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Issue No. 325 22 September 2006  

A Values Call
Opposition leader Kim Beazley has copped a bit of flak in the past week for his Aussie Values Pledge, but we reckon he got it at least half right.


Interview: Australia’s Most Wanted
The ACCC is the latest state agency to turn its guns on the construction union. National official, Dave Noonan, discusses the implications.

Industrial: The Fox and the Contractor
With new laws looming for “independent contractors”, Foxtel subbies have had the carpet pulled from under their feet, writes Nathan Brown.

Unions: Industrial Wasteland
A group of inner-Sydney veterans appear to be working to strip their families of retirement incomes. Jim Marr records their desperation.

International: Two Bob's Worth
German and British workers are participating in business decisions while WorkChoices locks Australians out of the conversation, writes Anthony Forsyth.

Economics: National Interest
John Howard claimed that interest rates would always be lower under a Coalition government than under Labor, Neale Towart crunchess the numbers.

Environment: The Real Dinosaur
Economic ignorance remains at the top and the critics are oblivious says Sol Power

History: Only In Spain?
The experiences of self management during the Civil War have been the one positive factor to come from that tragic event, and the Mondragon Cooperative Corporation thrives today.

Review: Clerk Off
Nathan Brown draws solace from some fellow social misfits.


 From Comrades to CUBs

 Workers Demand Right to Know

 Flying Kangaroo Eyes Passage to India

 It’s A Secret: Ballot Boosts ABC Campaign

 Brake WorkChoices, NSW Urged

 City or the Bush? It’s Telstra’s Call

 Compo Rights a Burning Issue

 2500 Get Coles Shoulder

 Hardie Payrise Stiffs Victims

 WorkChoices Reverse Somersault with Pike

 Qantas Workers Ground AWAs

 Latest Import: Childcare Workers

 Let Tem Eat Cake!

 Mugabe Thugs Mug Unionists


Westie Wing
MLC Ian West ventures beyond Macquarie St and into the desert of the eco rats.

The Soapbox
Testing Times
Former RLPA secretary and Newcastle Knights prop, Tony Butterfield, fires up over dawn raids.

Dare to Win
The union movement has lost an inspirational leader of working men and women, writes Jeana Vithoulkas

Tommy's Apprentice
Chapter Two - Tommy’s Tale.

 Fair Crack
 Aussie Values DOA
 It’s Not Cricket
 Kim’s New Platforms
 Reaping What You Sow
 Roll Out the Tanks
 Auntie Hijacked
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It’s A Secret: Ballot Boosts ABC Campaign

Organisers of Thursday’s nation-wide strike at the ABC would like to issue a special thankyou – to none other John Winston Howard, architect of the IR changes designed to weaken unions and undermine working conditions.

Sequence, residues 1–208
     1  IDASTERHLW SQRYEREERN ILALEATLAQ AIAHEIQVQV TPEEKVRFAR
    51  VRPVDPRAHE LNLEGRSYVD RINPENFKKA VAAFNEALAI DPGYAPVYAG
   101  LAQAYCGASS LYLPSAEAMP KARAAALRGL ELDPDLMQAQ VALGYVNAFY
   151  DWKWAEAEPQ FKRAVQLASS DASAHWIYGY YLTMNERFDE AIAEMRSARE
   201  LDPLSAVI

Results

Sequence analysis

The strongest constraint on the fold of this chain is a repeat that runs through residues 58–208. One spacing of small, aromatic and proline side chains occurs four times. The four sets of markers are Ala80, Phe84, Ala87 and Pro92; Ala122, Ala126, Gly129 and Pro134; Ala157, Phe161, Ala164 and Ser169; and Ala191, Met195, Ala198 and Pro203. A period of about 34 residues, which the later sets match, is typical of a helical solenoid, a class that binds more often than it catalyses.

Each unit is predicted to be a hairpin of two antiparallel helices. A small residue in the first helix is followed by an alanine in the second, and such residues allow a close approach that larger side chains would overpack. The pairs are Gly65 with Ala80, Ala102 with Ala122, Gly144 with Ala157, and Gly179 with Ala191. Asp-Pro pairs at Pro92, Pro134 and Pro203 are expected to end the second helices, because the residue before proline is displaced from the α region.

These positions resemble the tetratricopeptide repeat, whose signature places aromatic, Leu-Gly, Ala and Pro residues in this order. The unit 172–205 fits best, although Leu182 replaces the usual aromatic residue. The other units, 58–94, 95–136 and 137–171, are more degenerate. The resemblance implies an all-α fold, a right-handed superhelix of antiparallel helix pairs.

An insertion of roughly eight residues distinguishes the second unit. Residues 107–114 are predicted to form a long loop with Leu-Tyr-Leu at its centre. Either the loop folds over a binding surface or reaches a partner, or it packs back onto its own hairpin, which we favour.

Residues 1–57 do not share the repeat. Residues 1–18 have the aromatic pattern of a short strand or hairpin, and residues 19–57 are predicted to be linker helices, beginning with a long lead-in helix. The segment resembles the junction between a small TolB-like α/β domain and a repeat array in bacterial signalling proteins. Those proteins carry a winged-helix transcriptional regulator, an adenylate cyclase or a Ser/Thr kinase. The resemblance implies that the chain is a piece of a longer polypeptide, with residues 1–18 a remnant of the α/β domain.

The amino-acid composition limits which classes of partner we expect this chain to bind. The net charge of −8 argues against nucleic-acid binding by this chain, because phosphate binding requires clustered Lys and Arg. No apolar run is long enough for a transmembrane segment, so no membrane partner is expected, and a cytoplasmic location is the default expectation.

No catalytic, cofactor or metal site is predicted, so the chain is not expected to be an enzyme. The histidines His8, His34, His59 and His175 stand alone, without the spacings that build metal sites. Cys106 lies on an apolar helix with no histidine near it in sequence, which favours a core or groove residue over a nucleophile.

Where unions could previously organise a strike on the strength of a show of hands they must now hold a secret ballot of members, a strategy designed to undermine union solidarity. In this case, it backfired.

"All credit to John Howard, we've actually been very much empowered by the secret ballot," said Graeme Thomson of the Community and Public Sector Union (CPSU).

The CPSU and the Media Entertainment & Arts Alliance (MEAA), who cover 2,500 ABC employees between them, each conducted secret ballots through the Australian Electoral Commission as required by new industrial laws.

Unions had to provide details of their memberships to the AEC, to be matched with employment records held by the ABC. Forms were sent to union members' homes, completed in secret and returned.

The results were unequivocal. Both ballots had return rates of over 75 percent, with over 90 percent of returns voting 'yes' to the 24-hour strike.

While the logistics of confirming union members' details - some of which hadn't been updated when members changed job or address - were a headache, the results were brilliant, said MEAA's Mark Ryan.

"With a show of hands arrangement you can always be accused of just attracting union and rabble and intimidating people, but this is a genuine, government-endorsed strike. It gave us the moral high ground."

Thursday's strike attracted a strong level of support around Australia, with very few staff reporting for work and managers going on air to maintain a skeleton news service.

The results provided for some horrendous broadcasting, and would strengthen the hand of unions as they continue to campaign for a new collective enterprise agreement, Thomson said.

Management has offered a sub-inflation pay rise of 3 percent, partly funded by cuts to existing penalties and allowances.

"People are really annoyed, it's a feeling of betrayal, it's a statement that their management don't value them," Thomson said.

"Rates of pay at the ABC have seen a 16 percent reduction in real terms over the past 10 years."


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